What struck me was the number of saris and shalwar kameez. Where were these fine outfits on a normal day? Were they middle class women who didn’t normally come into town? Had the demonstrators saved their finest outfits for this special occasion? It seemed so.

Gorkhaland Demonstration In Darjeeling

Kurseong
We also saw a demonstration in Kurseong – a hill town about 15 miles (25km) from Darjeeling – which we were visiting to see a tea factory in operation.

Again the demonstrators were dressed very well, as though for a special occasion, and were very dignified.

Demonstration In Kurseong

Demonstration In Kurseong - Closeup

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    Comments

    1. maakoora says

      Dooars is not hilly. The map of proposed Gorkhaland as shown here shows the state of Sikkim also included.

      Rest of the perceptions are correct.

    2. Joan says

      Thanks for the capsule history of the region. To a westerner, it’s a very tangled web that seemingly can never be untangled, to the detriment of the native people.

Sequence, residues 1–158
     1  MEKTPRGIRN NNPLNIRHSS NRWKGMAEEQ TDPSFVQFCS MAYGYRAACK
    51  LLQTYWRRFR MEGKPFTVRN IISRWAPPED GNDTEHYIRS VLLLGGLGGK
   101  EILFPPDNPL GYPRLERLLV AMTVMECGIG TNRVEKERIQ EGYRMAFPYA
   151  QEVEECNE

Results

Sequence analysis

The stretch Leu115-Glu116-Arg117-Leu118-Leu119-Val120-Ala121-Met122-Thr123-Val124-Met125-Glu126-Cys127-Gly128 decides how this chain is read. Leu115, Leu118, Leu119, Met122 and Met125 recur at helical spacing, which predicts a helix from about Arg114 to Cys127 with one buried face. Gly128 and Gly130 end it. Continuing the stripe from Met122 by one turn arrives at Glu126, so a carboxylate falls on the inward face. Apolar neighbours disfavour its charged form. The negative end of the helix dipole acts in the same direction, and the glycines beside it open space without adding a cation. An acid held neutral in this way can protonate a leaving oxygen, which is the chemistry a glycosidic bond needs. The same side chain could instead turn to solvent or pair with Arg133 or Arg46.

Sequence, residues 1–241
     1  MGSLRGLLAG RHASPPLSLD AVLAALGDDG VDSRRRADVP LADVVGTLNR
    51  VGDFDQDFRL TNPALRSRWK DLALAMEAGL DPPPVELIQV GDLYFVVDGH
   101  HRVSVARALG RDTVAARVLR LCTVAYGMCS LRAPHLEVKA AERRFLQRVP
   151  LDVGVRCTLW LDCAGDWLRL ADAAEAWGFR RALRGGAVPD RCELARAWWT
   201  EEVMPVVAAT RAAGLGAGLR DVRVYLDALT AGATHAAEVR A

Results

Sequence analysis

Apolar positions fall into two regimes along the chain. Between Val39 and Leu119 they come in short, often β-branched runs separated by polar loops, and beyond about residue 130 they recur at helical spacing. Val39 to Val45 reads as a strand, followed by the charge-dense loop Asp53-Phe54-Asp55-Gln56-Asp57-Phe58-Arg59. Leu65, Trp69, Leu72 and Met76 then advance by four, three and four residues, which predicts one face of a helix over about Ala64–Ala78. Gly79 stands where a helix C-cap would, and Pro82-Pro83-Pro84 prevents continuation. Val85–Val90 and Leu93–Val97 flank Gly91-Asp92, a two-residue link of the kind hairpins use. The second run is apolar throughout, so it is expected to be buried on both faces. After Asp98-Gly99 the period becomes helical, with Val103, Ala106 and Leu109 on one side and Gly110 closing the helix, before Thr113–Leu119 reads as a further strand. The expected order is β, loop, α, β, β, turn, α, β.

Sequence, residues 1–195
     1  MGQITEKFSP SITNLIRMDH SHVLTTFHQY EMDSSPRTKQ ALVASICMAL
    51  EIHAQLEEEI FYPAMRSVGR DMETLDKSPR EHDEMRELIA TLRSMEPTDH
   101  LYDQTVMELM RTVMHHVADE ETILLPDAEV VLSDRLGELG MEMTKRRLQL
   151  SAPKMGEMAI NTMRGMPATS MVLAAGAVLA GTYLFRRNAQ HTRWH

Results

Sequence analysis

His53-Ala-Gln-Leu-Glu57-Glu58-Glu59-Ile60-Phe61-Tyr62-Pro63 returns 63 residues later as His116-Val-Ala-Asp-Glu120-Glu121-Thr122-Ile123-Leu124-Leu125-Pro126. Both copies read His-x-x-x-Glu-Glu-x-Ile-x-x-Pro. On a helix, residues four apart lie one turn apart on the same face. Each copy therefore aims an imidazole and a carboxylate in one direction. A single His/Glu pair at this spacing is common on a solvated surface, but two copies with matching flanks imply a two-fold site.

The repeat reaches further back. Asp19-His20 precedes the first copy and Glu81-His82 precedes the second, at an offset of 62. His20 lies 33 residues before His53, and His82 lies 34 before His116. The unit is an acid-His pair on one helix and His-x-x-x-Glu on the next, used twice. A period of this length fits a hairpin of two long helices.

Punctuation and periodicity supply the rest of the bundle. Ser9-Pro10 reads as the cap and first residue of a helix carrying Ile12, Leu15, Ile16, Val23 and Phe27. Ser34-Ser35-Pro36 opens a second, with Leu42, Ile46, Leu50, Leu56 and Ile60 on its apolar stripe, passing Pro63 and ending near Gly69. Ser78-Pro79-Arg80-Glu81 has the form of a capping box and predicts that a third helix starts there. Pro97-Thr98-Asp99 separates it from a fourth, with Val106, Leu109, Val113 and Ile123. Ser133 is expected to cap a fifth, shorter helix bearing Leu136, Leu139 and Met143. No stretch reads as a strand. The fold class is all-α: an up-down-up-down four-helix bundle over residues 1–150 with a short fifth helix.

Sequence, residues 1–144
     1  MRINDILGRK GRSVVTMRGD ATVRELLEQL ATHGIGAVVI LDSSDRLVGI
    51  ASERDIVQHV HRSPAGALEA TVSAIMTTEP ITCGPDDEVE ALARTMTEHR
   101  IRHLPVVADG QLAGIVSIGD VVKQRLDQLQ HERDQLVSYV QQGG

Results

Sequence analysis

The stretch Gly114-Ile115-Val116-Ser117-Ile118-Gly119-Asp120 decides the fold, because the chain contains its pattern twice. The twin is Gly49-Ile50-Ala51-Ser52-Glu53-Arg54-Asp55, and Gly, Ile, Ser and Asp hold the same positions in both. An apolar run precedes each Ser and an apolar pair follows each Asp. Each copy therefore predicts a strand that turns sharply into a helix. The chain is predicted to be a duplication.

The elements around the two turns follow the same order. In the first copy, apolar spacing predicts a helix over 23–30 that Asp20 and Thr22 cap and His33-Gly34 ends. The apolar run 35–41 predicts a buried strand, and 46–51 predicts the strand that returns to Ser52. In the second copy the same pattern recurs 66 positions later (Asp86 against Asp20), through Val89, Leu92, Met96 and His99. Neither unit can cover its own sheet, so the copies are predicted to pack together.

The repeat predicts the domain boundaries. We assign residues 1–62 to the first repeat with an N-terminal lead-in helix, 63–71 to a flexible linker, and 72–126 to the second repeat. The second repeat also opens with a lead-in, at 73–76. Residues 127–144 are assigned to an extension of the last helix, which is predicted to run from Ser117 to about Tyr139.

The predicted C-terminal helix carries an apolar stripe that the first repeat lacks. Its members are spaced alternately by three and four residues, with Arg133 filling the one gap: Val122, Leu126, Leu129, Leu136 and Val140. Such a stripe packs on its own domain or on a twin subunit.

• David Bennett says

        Well the British during their imperial days had a track record of laying down national and internal boundaries in such a way that problems ensued subsequent to their departure.

        Such was the skill that I wonder whether there was a ‘Department for Messing Up Countries’ somewhere deep in Whitehall.

    3. Rajiv Pradhan says

      Haha…That was a good one. Well, I hope that the India government realizes its responsibilities to stabilize the political condition of the region, and acts on the same sooner…

    4. Bishal Rai says

      “Thus the majority language around Darjeeling is Nepali and the predominant religion is Buddhism.”

      I would like to correct you out here : The predominant religion in Darjeeling is Hindu followed by Buddhism.

    5. Sagar Khawas says

      India and West Bengal Govt. should realize that due to the fact that people living in Darjeeling and dooars region speak a different language and have different custom – they are separate linguistic and ethnic group.

      The people living here are suffering under the corrupted government of West Bengal for a long time.

      The Gorkhas are fighting in the front to save the nation but they are regarded as foreigners by Indian people.

      The demand for Gorkhaland should be fulfilled. It is the only way to save the identity of Gorkhas in India.